What are the advantages for a receiver that uses an IF compared to direct conversion ?


2 Answers 2


A superhet has two distinct properties, which may or may not be advantages:

  1. The image frequency is far away, and
  2. The IF is not DC

In a typical superhet design, the LO and signal frequencies will be quite far apart, making the image frequency in an entirely different band. Thus it's not difficult to exclude the image frequency with a simple analog filter.

In a direct conversion receiver, the LO is at or very near the signal frequency, and thus the image frequency is immediately adjacent. Obtaining a sufficiently selective filter at the signal frequency is often impractical: it would require a very small fractional bandwidth, and would need to be tunable over the operating band of the receiver. Contrast with a superhet design which allows the channel filter to be tuned at just one frequency: the IF.

Thus, a direct conversion receiver must typically perform channel selection after the mixer, typically with a quadrature mixer. Dealing with quadrature signals in the analog domain requires more circuitry since there are twice as many signals to process, which must each be treated carefully to maintain coherence. Furthermore, it is difficult to minimize DC offset and 60 or 50 Hz hum.

These issues are largely mitigated in modern times by digital electronics. Many (perhaps most?) modern HF amateur rigs now utilize either direct sampling (example: Icom IC-7300, FlexRadio, Hermes), running an ADC fast enough to sample RF with no mixing at all, or direct conversion with a quadrature mixer (example: Softrock, QRP Labs QCX, everything from Elecraft).

Modern VHF+ applications tend to use direct conversion and digital demodulation as well. For examples, consider the ubiquitous, cheap RTL-SDR receivers, and BaoFeng handhelds.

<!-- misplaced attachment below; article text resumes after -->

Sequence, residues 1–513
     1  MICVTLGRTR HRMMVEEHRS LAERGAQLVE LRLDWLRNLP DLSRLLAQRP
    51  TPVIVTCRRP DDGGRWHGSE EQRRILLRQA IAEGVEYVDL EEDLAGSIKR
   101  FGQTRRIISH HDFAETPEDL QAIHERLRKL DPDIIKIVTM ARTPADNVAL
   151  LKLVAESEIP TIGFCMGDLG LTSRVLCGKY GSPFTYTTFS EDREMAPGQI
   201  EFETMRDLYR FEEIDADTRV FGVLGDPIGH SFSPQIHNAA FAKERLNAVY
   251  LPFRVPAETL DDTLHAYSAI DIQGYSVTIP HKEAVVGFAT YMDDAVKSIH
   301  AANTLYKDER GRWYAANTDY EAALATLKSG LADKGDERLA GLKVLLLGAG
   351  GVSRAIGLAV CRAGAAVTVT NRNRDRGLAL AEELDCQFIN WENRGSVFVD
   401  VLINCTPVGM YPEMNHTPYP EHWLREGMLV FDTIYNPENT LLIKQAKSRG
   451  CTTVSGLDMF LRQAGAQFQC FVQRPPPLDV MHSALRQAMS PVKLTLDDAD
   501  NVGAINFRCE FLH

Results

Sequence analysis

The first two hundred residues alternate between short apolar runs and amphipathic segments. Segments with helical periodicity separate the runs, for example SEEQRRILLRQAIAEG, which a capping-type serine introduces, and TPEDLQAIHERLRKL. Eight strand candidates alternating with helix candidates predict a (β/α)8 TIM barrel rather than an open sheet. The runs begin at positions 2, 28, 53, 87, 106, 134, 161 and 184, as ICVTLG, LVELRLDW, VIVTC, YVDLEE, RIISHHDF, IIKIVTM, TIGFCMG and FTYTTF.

Often, the digital solution not only performs better but is cheaper too, especially when the modulation in question is a digital one that already requires digital hardware. So arguably, there is not much modern advantage to a superhet design, except possibly cost when a very simple analog demodulation circuit is possible, for example AM.


There are several advantages to converting to an IF. These include:

  • It is easier to make a multi-band receiver, as you just need to change the RF stage for each band, and everything after the IF is the same. It is cheaper to have one set of expensive filters in the IF path with a high-quality audio path, and then use it for every band.
  • If the IF is a lower frequency than the RF stage, then filters can be much cheaper. Also, the tuning circuitry can be made much simpler. Imagine trying to tune accurately a microwave receiver to separate two signals 500Hz apart.
  • Some receivers use multiple (two or three, sometimes four) intermediate frequencies, in an attempt to get around the disadvantages of a superhet design (image rejection is the big one).
  • As mentioned in another answer, there can be issues with 50Hz/60Hz hum from mains electricity in a direct-conversion receiver. This is a complete non-issue in a superhet receiver, assuming that the final conversion to baseband and the audio path are designed properly to avoid it.

Of course there are also disadvantages - the big one is of course image rejection, but careful selection of an IF and some basic filtering can make that go away. Another one is the display of the frequency being tuned.

  • $\begingroup$ The first two points apply equally to a direct conversion receiver. $\endgroup$ Sep 11, 2019 at 2:00
  • $\begingroup$ Well, sort of technically yes, except that in a direct conversion receiver the RF stage is the bulk of the receiver. SSB filters would be ... difficult, and you would have great fun designing a decent a BFO for SSB and CW. You would probably need two sets of filters for SSB (one for USB and one for LSB) ... $\endgroup$
    – Scott Earle
    Sep 11, 2019 at 2:33
  • $\begingroup$ A direct conversion receiver isn't anything other than a superhet receiver where the IF is 0 Hz. Perhaps you are confusing direct conversion with TRF? $\endgroup$ Sep 11, 2019 at 3:29
  • $\begingroup$ Yes, I was conflating the two. But my comments still mostly stand. Filtering at 0Hz is still tricky (except that everything is an LPF) $\endgroup$
    – Scott Earle
    Sep 11, 2019 at 3:32
  • $\begingroup$ But you're not filtering at 0 Hz, unless you're interested in a zero-width channel. Which isn't a difficult filter either, technically... $\endgroup$ Sep 11, 2019 at 3:43

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